The Indian electorate will be introduced to a unique option coming elections – hopefully starting with the assembly elections in five northern states later this year, and it may pose real challenge to politicians and political parties, making it believe it will cleanse the country’s polity.
With the country’s apex court directing that “none of the above (NOTA)” be added as an option in the electronic voting machines, the voter will perhaps have a decisive say in the outcome of the individual candidate, adding up to the overall picture of the state assembly or the parliament in 2014. Though the effect of the option itself is not clear, the voter will wield considerable power this time, besides flaunting the indelible ink mark on his finger.
Similarly, the apex court has to step in to bring more changes in the polity – like to bring the recall option, that is, to recall an elected candidate should he/she be found in unethical practices. Only, there should be a clear law as to having him/her replaced via a bye-poll, because bye-polls, as is seen a number of times in the recent past, is used as an alternative method of making way to the big house – for example, a sitting MLA contesting parliamentary elections and winning, thus vacating the legislative seat, paving way for a bye-poll, thrusting additional cost to the exchequer, and eventually to the tax payer. In the first place, such a practice itself should be eradicated.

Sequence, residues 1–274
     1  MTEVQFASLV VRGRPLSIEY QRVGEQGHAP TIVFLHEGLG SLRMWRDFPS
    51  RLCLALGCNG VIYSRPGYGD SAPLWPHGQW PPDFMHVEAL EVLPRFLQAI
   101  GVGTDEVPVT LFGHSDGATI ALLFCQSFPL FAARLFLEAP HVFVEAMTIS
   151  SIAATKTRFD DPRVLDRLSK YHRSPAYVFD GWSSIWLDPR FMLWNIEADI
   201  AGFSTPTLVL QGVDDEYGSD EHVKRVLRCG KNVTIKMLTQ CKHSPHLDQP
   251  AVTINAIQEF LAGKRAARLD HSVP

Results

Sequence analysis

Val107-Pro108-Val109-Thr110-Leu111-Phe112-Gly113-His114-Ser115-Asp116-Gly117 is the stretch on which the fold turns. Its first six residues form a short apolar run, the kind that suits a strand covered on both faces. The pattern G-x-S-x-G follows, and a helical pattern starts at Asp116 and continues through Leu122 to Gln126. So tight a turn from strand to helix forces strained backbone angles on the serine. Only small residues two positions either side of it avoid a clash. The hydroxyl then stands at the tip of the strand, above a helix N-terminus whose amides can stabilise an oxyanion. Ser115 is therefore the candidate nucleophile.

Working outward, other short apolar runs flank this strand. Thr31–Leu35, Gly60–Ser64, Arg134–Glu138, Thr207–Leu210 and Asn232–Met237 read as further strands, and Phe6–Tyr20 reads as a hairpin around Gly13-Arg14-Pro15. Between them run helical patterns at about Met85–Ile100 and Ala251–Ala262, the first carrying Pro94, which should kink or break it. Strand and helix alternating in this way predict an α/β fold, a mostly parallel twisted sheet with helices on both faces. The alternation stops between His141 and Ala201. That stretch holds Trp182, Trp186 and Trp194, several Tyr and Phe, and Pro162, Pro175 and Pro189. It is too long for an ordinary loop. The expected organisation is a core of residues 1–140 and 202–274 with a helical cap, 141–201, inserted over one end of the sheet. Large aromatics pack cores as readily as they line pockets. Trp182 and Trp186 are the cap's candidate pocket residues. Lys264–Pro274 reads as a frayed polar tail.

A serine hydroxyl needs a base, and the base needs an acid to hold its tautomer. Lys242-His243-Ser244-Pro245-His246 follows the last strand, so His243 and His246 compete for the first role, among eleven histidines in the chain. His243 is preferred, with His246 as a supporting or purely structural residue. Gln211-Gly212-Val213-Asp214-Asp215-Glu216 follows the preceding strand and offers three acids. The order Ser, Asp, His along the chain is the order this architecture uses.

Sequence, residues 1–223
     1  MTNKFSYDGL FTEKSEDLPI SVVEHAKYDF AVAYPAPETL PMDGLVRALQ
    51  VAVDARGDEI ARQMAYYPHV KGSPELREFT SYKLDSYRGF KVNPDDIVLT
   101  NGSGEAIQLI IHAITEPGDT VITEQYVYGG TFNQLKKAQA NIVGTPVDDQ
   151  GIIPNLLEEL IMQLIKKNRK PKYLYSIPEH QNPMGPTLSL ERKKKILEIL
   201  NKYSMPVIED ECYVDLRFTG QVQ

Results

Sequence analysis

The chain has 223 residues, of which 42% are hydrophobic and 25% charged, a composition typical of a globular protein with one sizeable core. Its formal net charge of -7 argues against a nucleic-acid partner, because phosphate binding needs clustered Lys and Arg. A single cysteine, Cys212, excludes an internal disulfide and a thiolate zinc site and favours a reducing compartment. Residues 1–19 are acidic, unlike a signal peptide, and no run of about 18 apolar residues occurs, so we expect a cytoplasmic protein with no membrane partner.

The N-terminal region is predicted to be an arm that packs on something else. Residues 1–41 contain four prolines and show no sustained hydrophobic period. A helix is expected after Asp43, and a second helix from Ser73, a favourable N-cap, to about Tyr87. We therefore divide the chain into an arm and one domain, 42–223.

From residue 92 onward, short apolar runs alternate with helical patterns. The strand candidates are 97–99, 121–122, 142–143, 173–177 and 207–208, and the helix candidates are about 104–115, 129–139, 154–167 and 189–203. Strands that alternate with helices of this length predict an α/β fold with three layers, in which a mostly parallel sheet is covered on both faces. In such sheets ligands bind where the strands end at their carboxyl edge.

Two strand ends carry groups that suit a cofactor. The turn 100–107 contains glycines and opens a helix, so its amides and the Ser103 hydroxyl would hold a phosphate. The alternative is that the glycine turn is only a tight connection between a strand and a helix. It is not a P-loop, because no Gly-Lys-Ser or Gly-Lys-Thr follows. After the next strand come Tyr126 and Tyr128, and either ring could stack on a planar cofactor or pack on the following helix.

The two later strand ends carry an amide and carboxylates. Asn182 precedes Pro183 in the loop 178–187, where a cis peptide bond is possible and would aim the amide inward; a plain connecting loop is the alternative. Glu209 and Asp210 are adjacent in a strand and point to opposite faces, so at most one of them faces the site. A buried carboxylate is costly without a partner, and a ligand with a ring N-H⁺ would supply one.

Coming to NOTA, citizens hitherto voted for a leader who was found to be the best (?) of the lot, as they thought there was no other alternative but to choose one of the lot, else give voting a go by. Every citizen gauged each candidate in a different yardstick, thus, statistically, each one of the candidate standing a fair chance – think of India having the distinction of fielding imprisoned criminals also.
Now, should those aspirants think that there is no alternative, other than to, at least, project themselves as worthy choices? Does NOTA scare them so much? Or, does the electorate really wield considerable power this time? Or, is it time for the electorate to choose NOTA as TINA (there is no alternative)?
All said and done, the Supreme Court has come to the party, at last; beside the election commission, the court should be powerful enough cleanse the filth, as the citizens have started to look upon the two institutions, and are left with TINA!